Apple was a lightning rod stock recently. On the fundamental front, in their most recent earnings report, Apple reported +20% sales growth, driven by a 30% increase in iPhone revenue and a 20% increase in software and services revenue. Management recently guided down expectations for future revenue due to a sudden slowdown in demand for the iPhone in China. Despite this near-term bearishness, I think Apple has a solid strategy for growth over the next several years. Also, I think the next few years of faster growth in higher margin software services will lead to stickier gross margins at the company. Apple trades around 12 times 2019 earnings estimates of $12.00 per share. That is a substantial discount to the market and one that Apple’s management will take advantage of through large share buybacks.
There have been several comments lately about a recession. Much of it is in reaction to the market’s selloff. I don’t know about you, but it sure feels like we are quite a w ays away from a recession. Yes, there is some slowing in economic conditions, especially globally. Yes, the effects of growth are currently hampered by the ongoing trade skirmish. There are typically a few items always present at the onset of a recession and corresponding prolonged bear market in stocks.
1) Problematic inflation: if wage inflation is around 3.5% or higher, it’s a problem (it’s currently well below that). Core consumer prices more than 3%, which we do not see either.
2) A hostile Federal Reserve: raising rates well above neutral (in this case 2.5-3%). The Fed is gradually lifting rates and is data dependent not to be hostile.
3) Valuation: current multiples are not extended related to history and certainly not related to current interest rates.
I would expect that global policy issues related to trade, gradually rising interest rates and reduced liquidity, will most probably cause short-term earnings pressures on our portfolio companies. I feel that we are sufficiently compensated for that risk given where current stock prices are. As many of you know, I am an optimist and I remain patient and believe that owning these businesses at these prices will allow us to endure the fears of today.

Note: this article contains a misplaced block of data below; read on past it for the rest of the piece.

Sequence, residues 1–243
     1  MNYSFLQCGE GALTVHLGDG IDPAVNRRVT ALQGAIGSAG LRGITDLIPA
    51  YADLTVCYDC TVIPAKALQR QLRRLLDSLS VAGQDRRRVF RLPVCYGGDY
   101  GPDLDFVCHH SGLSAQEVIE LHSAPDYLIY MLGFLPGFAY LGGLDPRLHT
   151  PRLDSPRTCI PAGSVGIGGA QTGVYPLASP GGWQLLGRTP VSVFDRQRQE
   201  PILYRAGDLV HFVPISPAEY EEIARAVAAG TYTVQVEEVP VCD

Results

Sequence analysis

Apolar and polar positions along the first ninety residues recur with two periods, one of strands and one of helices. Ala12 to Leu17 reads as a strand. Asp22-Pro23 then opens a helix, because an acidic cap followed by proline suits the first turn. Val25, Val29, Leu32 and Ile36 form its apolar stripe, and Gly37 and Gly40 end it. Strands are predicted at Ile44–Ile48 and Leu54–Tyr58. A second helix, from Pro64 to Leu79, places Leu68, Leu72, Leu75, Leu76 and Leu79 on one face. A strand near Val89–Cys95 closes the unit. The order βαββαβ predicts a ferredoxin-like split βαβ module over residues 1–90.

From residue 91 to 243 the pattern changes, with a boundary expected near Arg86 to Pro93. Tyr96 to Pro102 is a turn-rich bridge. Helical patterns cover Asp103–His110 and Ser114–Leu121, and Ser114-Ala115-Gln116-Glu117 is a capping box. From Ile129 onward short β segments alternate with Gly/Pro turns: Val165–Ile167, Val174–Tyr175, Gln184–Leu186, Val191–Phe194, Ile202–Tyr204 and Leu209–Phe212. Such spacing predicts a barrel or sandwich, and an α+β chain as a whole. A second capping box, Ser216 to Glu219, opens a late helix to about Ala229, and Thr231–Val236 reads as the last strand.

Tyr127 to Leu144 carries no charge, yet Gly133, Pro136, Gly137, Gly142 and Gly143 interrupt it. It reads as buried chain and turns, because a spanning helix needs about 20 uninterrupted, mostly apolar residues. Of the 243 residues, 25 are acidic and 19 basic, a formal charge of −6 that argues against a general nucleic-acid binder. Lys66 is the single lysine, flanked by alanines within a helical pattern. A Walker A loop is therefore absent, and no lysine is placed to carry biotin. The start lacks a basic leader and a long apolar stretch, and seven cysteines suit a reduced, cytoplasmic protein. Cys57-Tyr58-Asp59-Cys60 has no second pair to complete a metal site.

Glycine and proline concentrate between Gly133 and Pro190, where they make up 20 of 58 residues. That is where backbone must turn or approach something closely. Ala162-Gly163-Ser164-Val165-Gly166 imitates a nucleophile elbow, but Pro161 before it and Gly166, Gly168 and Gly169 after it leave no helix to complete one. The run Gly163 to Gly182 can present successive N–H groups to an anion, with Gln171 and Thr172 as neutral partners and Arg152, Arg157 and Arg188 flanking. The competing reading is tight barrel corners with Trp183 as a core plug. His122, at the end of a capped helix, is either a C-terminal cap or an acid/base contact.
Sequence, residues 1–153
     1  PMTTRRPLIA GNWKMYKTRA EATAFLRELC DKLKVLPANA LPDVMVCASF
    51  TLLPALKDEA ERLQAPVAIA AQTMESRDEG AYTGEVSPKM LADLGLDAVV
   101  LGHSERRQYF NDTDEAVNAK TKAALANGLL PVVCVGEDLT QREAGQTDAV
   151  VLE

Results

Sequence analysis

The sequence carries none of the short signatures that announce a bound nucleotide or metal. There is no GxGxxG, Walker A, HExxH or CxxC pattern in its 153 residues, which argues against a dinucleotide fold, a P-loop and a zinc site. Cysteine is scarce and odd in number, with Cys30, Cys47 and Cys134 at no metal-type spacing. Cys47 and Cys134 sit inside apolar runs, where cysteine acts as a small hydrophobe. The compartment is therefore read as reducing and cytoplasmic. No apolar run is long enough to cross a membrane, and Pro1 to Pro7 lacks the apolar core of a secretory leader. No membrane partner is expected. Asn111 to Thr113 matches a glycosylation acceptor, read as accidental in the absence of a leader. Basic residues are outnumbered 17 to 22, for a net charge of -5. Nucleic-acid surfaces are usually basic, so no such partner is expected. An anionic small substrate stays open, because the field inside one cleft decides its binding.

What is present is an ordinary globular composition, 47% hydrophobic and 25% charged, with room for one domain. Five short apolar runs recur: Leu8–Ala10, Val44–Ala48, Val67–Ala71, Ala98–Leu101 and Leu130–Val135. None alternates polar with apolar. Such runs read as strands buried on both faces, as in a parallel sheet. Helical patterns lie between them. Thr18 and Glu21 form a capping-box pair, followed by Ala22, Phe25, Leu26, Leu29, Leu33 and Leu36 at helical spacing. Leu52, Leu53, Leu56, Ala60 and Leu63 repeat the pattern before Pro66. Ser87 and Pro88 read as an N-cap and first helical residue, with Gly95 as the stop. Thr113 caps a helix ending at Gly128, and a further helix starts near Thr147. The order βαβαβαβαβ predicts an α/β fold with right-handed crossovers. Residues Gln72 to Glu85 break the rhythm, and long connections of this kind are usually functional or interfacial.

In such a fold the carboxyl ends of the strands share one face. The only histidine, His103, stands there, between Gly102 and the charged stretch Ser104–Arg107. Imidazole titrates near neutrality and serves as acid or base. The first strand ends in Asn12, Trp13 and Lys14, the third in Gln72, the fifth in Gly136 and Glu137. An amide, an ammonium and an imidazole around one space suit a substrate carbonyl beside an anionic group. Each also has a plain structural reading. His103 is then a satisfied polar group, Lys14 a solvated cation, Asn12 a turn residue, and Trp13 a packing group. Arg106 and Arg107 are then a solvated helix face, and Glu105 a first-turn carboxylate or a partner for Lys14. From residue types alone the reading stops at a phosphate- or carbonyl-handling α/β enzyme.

I believe successful investing requires the knowledge to be able to accurately value businesses for investment as well as an understanding of market psychology. As mentioned many times in letters before, the stock market’s cyclical nature produces periods of overvaluation, fair valuation and then undervaluation, before reversing and repeating itself. Investor emotions drive this classic market cycle during each period. The understanding of these market cycles is critical to your success as an investor so that you do not make the mistake of following the herd mentality and suffering as a result. It is hard to determine precisely when we enter each of these periods, and we can’t predict with accuracy when the next significant market buying opportunity will occur. All we can do is remain patient and aware of opportunities. To be a successful investor, you need to not only buy when it is emotionally the hardest, and sell when it is emotionally the hardest, but also sit patiently and do nothing for long periods while good businesses compound.
For the benefit of new readers of these quarterly letters, I have been writing them four times a year for 19 years. Investors do all kinds of exercises to make sense of the world – modeling scenarios in spreadsheets, conducting diligence on managers, or reading pitch decks. But few activities help clarify your thoughts better than writing. Writing is the ultimate test of whether your ideas make sense or are merely gut feelings. Putting your thoughts on paper forces them into an unforgiving reality where you have to look at the words and interpret them as another reader will see them. If you are reading this letter for the first time, it may be helpful for you to understand our beliefs, investment philosophy and guiding principals. These core beliefs typically drive a lot of our thoughts that we are writing about. Therefore, our Live Oak Private Wealth investment philosophy, beliefs and guiding principals are found in the appendix to this letter.
In closing, it is a privilege to write to you and report on our progress as a new investment firm. There is no doubt in my mind that Live Oak Private Wealth is the best team in the wealth management business. I’m personally blessed to be a part of an extraordinary team. Your trust in our team is a responsibility we do not take lightly. We are all thankful and appreciative for the opportunity to continue working with you at Live Oak.